Matt Drudge obviously is not happy. "ABC TURNS PROGRAMMING OVER TO OBAMA; NEWS TO BE ANCHORED FROM INSIDE WHITE HOUSE," his headline screams.

I don't blame ABC for agreeing to spend a day next week broadcasting from the White House. You tell me which network would turn down an opportunity to anchor its news and prime-time special from the home of the most popular guy in the world.

Lesley Stahl tells a great story of doing a critical report on President Ronald Reagan's environmental record in connection with his visit to some spectacular backdrop. She expected the White House folks to be furious, but instead they thanked her for the great shots.

Few of the viewers listened to Stahl; they were mesmerized by the pictures. The White House people knew this because they watched test audiences. Reagan, the beautiful backdrop: It was a home run.

So, I predict, will be ABC's night at the White House - even though I trust the network news division to retain appropriate control of the content, and anchors Charles Gibson and Diane Sawyer to ask difficult and well-researched questions, just as they would in any other venue or studio. I have no doubt that ABC will do as well as or better than any news organization in retaining its journalistic integrity while scoring a huge ratings blowout - which, we shouldn't forget, is the dog, not the tail.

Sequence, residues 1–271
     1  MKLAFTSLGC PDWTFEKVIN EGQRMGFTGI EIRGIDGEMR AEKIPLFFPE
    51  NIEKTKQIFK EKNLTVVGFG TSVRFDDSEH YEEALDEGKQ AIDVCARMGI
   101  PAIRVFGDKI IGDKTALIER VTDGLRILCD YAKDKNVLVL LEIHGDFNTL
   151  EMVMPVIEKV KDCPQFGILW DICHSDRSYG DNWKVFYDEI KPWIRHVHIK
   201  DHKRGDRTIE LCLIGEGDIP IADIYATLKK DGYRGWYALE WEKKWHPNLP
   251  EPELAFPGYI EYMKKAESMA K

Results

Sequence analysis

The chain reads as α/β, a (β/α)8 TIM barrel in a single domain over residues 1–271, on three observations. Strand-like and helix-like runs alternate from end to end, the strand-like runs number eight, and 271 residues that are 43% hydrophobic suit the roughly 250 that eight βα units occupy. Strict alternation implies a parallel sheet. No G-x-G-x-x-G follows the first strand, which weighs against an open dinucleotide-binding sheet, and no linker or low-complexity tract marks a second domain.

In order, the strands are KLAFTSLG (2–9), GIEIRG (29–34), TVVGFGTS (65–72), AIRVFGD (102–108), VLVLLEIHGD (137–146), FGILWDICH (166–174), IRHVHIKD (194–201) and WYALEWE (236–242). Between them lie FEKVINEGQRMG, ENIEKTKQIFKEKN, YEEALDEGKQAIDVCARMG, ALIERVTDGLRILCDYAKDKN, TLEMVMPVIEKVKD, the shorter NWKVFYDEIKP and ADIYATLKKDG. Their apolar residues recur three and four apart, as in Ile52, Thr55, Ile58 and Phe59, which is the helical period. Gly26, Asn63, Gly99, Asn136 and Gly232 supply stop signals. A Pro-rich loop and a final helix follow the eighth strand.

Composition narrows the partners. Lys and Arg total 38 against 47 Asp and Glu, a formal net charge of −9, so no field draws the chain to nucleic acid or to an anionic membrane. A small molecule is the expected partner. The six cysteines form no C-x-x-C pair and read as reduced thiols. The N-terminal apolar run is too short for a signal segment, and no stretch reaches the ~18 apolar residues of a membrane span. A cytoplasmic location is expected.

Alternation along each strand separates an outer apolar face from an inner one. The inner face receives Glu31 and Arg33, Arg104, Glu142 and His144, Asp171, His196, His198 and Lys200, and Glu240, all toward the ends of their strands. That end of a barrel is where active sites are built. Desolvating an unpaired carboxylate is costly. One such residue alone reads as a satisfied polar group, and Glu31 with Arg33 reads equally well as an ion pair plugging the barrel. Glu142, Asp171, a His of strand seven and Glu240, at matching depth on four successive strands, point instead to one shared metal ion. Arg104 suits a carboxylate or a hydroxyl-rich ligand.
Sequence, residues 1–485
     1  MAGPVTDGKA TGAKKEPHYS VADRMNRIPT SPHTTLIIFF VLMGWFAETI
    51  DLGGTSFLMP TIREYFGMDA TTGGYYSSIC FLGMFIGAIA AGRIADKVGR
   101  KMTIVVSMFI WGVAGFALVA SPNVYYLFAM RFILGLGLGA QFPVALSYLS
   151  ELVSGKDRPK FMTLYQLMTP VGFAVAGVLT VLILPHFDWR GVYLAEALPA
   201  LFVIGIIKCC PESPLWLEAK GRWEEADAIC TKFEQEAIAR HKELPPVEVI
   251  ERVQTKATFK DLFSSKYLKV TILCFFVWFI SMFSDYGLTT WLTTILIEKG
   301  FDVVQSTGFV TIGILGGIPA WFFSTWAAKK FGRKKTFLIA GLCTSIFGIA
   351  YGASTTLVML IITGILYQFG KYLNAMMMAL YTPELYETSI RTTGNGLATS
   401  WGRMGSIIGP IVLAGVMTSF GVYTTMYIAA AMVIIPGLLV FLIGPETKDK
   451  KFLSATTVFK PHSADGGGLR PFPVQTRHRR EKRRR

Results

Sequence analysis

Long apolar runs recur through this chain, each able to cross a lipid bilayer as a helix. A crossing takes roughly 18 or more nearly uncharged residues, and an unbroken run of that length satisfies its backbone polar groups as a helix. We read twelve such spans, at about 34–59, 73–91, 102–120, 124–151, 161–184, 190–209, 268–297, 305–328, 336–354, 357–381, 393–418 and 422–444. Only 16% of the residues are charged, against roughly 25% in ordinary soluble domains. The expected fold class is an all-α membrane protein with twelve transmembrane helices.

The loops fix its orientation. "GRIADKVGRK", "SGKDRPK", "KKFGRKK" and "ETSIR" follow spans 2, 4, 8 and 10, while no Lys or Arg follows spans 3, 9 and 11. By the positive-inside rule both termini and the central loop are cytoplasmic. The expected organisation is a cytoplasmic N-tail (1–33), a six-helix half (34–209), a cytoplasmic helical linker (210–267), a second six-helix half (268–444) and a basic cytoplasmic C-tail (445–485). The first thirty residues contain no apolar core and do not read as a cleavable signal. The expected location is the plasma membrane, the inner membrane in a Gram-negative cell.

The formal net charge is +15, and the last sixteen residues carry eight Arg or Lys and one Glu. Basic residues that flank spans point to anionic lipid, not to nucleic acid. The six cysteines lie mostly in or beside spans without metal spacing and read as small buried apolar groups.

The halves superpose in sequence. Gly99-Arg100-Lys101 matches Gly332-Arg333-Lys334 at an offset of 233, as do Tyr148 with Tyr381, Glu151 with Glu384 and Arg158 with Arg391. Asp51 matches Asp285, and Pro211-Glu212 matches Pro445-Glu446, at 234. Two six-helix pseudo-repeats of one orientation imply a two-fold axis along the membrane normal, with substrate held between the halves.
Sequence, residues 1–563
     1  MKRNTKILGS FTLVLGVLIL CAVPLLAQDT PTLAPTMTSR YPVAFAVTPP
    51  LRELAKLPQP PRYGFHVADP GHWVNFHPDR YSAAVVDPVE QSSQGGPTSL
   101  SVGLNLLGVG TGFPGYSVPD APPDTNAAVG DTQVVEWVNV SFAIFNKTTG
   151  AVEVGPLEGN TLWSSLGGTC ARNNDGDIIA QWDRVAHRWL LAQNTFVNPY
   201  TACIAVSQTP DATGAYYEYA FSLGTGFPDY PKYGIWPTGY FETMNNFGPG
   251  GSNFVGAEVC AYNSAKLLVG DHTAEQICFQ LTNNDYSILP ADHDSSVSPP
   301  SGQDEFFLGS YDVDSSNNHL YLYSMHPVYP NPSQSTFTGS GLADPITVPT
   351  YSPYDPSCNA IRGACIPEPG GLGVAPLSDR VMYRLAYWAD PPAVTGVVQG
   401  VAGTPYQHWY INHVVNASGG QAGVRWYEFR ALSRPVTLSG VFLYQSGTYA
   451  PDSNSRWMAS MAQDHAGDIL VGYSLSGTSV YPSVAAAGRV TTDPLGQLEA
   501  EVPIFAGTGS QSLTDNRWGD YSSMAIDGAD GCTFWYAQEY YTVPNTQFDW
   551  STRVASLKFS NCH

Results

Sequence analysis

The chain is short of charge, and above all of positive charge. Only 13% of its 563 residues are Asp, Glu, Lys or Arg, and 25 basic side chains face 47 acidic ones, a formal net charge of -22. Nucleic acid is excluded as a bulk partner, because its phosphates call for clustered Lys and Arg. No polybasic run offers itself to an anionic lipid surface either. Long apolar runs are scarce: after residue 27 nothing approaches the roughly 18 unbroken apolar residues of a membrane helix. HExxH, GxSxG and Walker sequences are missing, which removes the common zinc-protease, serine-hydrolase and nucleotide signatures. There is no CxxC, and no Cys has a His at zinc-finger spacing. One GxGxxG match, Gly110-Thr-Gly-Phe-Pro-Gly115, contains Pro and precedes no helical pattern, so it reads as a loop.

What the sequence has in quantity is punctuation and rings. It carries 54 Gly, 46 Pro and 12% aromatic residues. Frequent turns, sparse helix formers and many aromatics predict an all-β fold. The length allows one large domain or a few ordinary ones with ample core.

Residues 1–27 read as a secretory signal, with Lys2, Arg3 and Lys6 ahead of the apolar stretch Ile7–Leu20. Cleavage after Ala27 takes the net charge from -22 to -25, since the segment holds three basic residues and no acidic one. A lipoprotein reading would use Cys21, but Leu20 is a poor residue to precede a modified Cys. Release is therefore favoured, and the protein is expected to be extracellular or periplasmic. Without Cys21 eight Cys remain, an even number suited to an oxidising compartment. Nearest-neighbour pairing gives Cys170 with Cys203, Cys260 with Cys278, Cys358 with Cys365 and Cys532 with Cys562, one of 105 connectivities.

But it's what people see that worries me, and what people are saying about it that should ultimately trouble defenders of a free press. What they'll see is a joint production of the Obama White House and a group of supposedly independent journalists. They'll see the media not covering the White House, but dressing it; not reviewing the show, but hosting it.

What is said matters less than what is seen. People watch TV. People don't say, "I heard you on TV." They say, "I saw you." They don't say, "You sounded good." They say, "You looked great." Or, on days that aren't so good, "You look younger in person."

As we ask questions about the mistakes of the Iraq invasion, we should consider the inclusion of journalists as part of units. Reporters of great courage risked their lives to ride side by side with soldiers trained for such action and provide dramatic coverage of the American effort. The problem is that they truly became part of those units - embedded in the war, not covering it from the outside.

The First Amendment protects the press from government restraint. That assumes the press is on the outside looking in, in need of protection from being shooed away too far or too harshly.

One of the first things you learn when you move to Washington is that administrations come and go, but the media stay forever, and they run the town. They are, most of them will be the first to tell you, too powerful, and it affects reporting in all kinds of insidious ways, many of which were revealed in the trial of Scooter Libby.

The great danger these days - and this was also true in the post-9/11 days of the Bush administration - is not just that the only critical coverage comes from the ideologues, who are dismissed as that, but that the public understandably comes to forget why it is we put up with all the excesses of a free press.